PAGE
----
Noncommunicable diseases prevention and management

Non-communicable diseases are the leading cause of premature death in Australia and globally. The causes are complex and multiple, disproportionately affecting low socio-economic groups and Aboriginal and Torres Strait Islander Peoples. Comprehensive prevention and management strategies are needed to lessen the impact of non-communicable diseases on individuals and society.

School of Public Health researchers specialise in investigating biological, behavioural, environmental and social factors that affect risk of developing chronic disease. We are also experts in developing and evaluating interventions and healthcare services, with the aim of enhancing services delivery, improving access, and effecting change into policy.

Our research encompasses multi-disciplinary expertise across a broad range of topics such as treatment disparities, behaviour change and the social and commercial determinants of health and wellbeing (with a particular focus on priority groups). Our team study, develop and implement chronic disease prevention programs. We also undertake evaluation and advocacy research, aiming to understand, influence and improve upon local, national and international health services and policy provision.

Our lifestyles, which are influenced by the commercial and social determinants of health, are a major contributor to the rise of chronic disease and multimorbidity. Many of the risk factors associated with noncommunicable disease are modifiable through changing behaviours and the environment to support individuals to make healthy choices. Our researchers focus on four main areas:

  • Physical activity research at the School investigates how to support workers, older adults and clinical populations to integrate physical activity into their day and the health and wellbeing impacts of achieving this.
  • Food and nutrition research at the School has a strong emphasis on population health, encompassing a broad spectrum of work including nutrition policy, pricing and affordability, and individual level interventions. Our work in food and nutrition systems is underpinned by the principles of health and wellbeing, equity, environmental sustainability and prosperity. We also investigate the various dimensions of food security, covering affordability, accessibility, acceptability and advertising of healthy, equitable and sustainable foods.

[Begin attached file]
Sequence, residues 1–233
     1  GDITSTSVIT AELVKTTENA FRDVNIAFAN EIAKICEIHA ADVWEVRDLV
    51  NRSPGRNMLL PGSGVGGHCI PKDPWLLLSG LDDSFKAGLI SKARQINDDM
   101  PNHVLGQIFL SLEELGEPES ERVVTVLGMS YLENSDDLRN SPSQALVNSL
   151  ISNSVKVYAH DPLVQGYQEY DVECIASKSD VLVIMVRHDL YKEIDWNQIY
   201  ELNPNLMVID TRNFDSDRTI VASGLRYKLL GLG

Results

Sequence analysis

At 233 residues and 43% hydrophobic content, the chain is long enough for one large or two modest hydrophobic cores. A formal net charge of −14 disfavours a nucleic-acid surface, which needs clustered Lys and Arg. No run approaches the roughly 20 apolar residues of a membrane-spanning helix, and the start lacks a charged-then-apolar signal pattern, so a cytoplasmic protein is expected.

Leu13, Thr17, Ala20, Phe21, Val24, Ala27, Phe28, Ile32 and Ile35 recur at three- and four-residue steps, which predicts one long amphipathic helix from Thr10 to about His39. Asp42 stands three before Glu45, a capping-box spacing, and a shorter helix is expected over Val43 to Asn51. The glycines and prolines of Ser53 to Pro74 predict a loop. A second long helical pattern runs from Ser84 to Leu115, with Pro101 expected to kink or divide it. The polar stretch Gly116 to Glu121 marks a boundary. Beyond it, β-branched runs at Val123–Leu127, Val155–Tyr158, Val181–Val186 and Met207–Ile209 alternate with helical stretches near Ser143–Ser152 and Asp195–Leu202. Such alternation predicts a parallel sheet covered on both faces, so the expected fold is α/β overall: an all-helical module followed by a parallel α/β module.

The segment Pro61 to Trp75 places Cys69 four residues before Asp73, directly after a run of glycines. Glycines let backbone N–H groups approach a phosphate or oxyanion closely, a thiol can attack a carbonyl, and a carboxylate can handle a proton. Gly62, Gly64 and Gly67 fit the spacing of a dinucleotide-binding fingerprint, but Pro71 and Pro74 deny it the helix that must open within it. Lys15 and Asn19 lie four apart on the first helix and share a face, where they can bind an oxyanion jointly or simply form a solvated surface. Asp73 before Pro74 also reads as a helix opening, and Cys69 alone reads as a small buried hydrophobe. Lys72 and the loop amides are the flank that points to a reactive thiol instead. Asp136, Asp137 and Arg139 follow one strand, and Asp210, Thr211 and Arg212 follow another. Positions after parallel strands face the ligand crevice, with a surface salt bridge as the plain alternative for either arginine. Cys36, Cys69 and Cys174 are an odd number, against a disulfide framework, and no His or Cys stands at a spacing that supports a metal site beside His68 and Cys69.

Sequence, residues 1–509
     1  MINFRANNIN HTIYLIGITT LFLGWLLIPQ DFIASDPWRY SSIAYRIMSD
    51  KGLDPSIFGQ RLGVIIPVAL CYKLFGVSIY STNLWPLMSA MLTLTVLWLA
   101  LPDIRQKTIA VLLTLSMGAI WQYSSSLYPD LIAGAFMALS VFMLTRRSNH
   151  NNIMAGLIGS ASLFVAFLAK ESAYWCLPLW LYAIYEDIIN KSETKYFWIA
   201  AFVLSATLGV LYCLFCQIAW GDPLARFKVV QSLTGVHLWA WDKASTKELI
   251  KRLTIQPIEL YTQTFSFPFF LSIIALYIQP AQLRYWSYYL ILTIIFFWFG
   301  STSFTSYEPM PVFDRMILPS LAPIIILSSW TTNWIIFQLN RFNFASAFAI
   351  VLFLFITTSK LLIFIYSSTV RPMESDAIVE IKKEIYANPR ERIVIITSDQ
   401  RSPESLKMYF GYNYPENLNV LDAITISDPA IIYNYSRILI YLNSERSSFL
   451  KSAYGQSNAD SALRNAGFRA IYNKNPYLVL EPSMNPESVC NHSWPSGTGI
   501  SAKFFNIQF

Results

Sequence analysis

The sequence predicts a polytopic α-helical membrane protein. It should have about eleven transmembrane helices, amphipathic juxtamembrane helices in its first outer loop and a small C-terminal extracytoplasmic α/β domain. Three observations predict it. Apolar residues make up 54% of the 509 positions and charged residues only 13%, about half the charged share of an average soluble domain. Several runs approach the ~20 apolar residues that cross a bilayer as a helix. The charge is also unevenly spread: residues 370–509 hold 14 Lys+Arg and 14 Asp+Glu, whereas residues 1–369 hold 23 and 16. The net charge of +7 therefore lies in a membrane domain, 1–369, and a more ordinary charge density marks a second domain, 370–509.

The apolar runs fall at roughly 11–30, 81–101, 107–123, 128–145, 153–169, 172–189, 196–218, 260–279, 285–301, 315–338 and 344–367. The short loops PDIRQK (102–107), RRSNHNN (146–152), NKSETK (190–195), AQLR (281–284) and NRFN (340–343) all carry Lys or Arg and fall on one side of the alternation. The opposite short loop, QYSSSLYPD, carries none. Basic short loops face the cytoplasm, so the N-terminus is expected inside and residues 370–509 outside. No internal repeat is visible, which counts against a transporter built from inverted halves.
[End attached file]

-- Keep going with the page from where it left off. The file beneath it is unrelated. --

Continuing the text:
• The Tobacco Endgame Centre of Research Excellence is focused on ending the cigarette smoking epidemic in Australia by transforming the regulatory environment and increasing support to help people stop smoking.

A portion of our work related to the aetiology and management of non-communicable disease is undertaken in the area of Women’s Health:

  • Our Cancer Epidemiology researchers aim to understand cancer aetiology, with a particular focus on how reproductive factors are involved in the development of women’s cancers, and factors associated with patterns of care and survival.
  • Using data from the long running Australian Longitudinal Study on Women's Health (ALSWH) study our researchers focus on the health of women, largely during early and mid-adulthood (e.g., maternal and child health and menopausal health), examining our understanding of how various factors (such as sex differences, reproductive factors, behaviours, overweight and obesity, dementia, abuse and area of residence) contribute to risk of non-communicable disease.
  • Expanding on the wealth of research and outcomes generated by ALSWH, the International collaboration for a Life course Approach to reproductive health and Chronic disease Events (InterLACE) study aims to improve international and cross-cultural comparisons in women’s health; and our NHMRC Centre of Research Excellence on Women and Non-Communicable Diseases (CRE WaND) looks to move beyond reproductive and sexual health to encompass and prioritise the prevention and detection of non-communicable diseases.